Friday, August 26, 2016

Art Friday: Portrait of Adele Bloch-Bauer I


Portrait of Adele Bloch-Bauer I

Also known as the "Woman in Gold"

Artist: Gustav Klimit (1862 - 1918) Austrian

Dimensions: 138 x 138 cm (54 x 54 inches)


The picture was painted in Vienna and commissioned by Adele's husband Ferdinand Bloch-Bauer. As a wealthy industrialist who had made his fortune in the sugar industry, he sponsored the arts and favoured and supported Gustav Klimt. Adele Bloch-Bauer became the only model who was painted twice by Klimt when he completed a second picture of her, Portrait of Adele Bloch-Bauer II, in 1912.


This painting became famous because of what happened to it during World War Two and the fight for ownership by Maria Viktoria Bloch-Bauer, the niece of Adele Bloch-Bauer. The Nazis stole many many paintings from private Jewish families during the war and in recent years many of these families have fought to have them returned. The battles have taken years but many have won, such as Maria Viktoria Bloch-Bauer.


In her will, it is claimed that Adele Bloch-Bauer asked her husband to donate the Klimt paintings to the Austrian State Gallery upon his death and by World War Two, the painting was in the hands of the Nazis. The rich Jewish family lost everything, including all their jewel, such as the one worn in this painting and their entire art collection. 

Maria Viktoria Bloch-Bauer, the niece of Adele Bloch-Bauer had believed that the Klimt paintings had legitimately ended up in the Austrian National Gallery. But when she was 82, she learned that the title to the paintings was hers, and she vowed to get them back. In 1999, she and her lawyer tried to sue the Austrian government. It had kept the paintings based on Adele’s will in which she made a “kind request,” that Ferdinand donate the paintings to the state museum after his death, which took place in 1945. For many years, Maria fought the Austrian government with great zest. “They will delay, delay, delay, hoping I will die,” she told The Los Angeles Times in 2001, with no end in sight to her case. “But I will do them the pleasure of staying alive.”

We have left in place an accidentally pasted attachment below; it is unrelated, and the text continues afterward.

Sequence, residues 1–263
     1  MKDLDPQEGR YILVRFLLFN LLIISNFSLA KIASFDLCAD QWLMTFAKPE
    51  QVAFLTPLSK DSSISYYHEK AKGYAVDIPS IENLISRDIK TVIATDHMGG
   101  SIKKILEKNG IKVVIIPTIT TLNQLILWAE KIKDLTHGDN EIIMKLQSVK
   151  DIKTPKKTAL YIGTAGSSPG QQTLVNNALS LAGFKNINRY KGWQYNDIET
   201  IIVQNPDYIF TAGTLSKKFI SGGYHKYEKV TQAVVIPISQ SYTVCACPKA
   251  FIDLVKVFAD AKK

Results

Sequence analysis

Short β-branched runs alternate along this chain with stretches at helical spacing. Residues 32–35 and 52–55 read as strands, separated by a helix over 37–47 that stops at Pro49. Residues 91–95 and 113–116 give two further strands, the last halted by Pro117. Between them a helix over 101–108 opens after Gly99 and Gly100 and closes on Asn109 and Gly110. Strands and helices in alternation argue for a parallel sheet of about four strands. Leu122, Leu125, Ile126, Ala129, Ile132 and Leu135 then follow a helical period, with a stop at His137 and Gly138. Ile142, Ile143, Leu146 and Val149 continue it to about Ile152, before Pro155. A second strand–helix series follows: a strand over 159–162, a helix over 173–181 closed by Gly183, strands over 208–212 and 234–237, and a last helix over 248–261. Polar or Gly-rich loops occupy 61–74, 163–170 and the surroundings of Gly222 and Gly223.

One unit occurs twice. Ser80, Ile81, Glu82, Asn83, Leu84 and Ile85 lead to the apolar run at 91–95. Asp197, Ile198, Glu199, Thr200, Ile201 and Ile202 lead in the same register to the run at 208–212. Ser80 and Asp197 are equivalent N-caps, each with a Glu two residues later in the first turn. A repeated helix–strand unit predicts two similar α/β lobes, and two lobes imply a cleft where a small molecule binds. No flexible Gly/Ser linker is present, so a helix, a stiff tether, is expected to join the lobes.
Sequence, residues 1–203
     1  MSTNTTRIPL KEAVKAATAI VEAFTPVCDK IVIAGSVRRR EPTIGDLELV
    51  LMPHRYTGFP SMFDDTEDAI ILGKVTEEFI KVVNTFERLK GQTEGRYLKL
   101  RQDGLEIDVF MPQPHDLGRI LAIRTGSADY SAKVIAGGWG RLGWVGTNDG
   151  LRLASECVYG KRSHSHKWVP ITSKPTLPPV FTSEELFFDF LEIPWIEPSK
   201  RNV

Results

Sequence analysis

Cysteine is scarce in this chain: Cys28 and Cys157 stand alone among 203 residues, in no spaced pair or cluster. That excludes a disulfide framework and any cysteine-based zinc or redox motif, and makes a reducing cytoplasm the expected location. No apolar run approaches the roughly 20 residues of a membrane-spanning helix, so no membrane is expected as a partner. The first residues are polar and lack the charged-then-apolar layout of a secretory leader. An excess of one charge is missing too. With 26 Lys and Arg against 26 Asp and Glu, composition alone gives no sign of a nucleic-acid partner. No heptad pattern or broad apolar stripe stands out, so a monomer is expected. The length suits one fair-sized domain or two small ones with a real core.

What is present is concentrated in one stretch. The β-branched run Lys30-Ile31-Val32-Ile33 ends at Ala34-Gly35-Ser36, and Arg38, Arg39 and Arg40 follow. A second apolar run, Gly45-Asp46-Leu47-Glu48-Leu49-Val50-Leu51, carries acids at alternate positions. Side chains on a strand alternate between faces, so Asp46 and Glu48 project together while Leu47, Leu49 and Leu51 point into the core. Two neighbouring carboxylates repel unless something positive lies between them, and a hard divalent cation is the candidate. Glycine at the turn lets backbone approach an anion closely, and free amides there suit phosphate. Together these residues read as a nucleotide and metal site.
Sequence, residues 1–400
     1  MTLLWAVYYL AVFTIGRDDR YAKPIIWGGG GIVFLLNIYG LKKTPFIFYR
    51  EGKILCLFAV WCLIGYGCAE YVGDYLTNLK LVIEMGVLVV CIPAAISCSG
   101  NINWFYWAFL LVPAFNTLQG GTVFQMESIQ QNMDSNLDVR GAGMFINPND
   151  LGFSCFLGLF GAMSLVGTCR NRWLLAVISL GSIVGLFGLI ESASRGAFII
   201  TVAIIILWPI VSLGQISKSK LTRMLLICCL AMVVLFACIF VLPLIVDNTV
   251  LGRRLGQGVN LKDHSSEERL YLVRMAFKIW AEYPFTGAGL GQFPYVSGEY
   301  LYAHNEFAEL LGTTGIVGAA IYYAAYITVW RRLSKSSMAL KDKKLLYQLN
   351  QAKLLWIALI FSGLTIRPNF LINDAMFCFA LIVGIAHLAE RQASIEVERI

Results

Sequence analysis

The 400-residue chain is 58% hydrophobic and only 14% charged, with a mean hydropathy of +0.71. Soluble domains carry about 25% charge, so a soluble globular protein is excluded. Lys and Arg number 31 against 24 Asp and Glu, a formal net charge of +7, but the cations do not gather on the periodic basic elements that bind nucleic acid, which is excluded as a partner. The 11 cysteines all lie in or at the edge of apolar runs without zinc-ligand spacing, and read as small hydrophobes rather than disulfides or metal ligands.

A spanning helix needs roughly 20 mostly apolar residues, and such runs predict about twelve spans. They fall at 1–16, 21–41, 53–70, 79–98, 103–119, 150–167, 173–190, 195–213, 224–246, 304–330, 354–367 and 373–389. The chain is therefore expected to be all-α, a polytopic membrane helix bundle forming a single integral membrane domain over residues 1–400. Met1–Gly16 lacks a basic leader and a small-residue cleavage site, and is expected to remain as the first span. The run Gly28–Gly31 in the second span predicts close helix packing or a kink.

Maria and her lawyer had argued as far as the Supreme Court that the case should be heard in America and they won. However, in 2004, they went to independent arbitration where three Austrian academics decided that the paintings should be returned. In 2006, the paintings arrived with fanfare in Los Angeles. At the time, it was the largest single return, in monetary terms, of Nazi-looted art.
Ronald Lauder, a businessman and philanthropist who had loved Adele's face from boyhood, happily paid $135 million to enshrine her in his Neue Galerie in Manhattan. At the time, it was the largest sum ever paid for a painting. 

The story of this painting and the fight for it to be return to its rightful own has been made into a movie "The woman in Gold"  starting Helen Miriam — well worth watching. 


Adele Bloch-Bauer: Adele Bloch-Bauer gave the impression of a refined mixture of romantic personae: sick and fragile on the one hand and a self-conscious and proud salon lady on the other. Indeed, Bloch-Bauer may have found her rôle models in romantic literature. She studied German, French and English classical literature by herself, at her own initiative. She was delicate, tending to be sick, and gave the impression of someone who suffered. Her narrow face appeared elegant and intellectual as well as arrogant and smug. She was often caught in the unladylike modern habit of smoking. 




Information in this blog post have been sourced from the following: 





Wednesday, August 24, 2016

Growing older


It is my birthday this week and I have reached a significant age. This is the one age that I am not overly keen on reaching as it feels so old.  But I was pulled up sharp by this quote — my sister died as a tiny baby, she never reached 10 or 20 and certainly never got to 50. A friend I went to school with died from cancer in hers 30s. She was vivacious woman, full of life and energy — taken too soon.

Age is only a number — it does not define who you are

We must be thankful for every year that the Lord gives us and enjoy each precious moment because we will never enjoy it again and we have no idea of tomorrow. 

Remember you only have one life — this is not a dress rehearsal

Old age doesn't mean the end of fun or laughter, nor does it mean giving up and having no more adventures. I do pray that I have many more years to live and that those years are full of living. Whilst I am not keen about being 50, one can do very little about it. I can't stop reaching 50, so I need to embrace it instead !! 

Learn to laugh at yourself. Don’t be so serious!

Anyway, God has a very special job for older women. In fact, He doesn't want me to sit moaning  and groaning about getting older — He wants me to help younger women and what a gift that is to be given. A very precious gift indeed.


The older women likewise . . . that they be reverent in behaviour, not slanderers, not given to much wine, teachers of good things— that they admonish the young women to love their husbands, to love their children, to be discreet, chaste, homemakers, good, obedient to their own husbands, that the word of God may not be blasphemed. (Titus 2:3-5)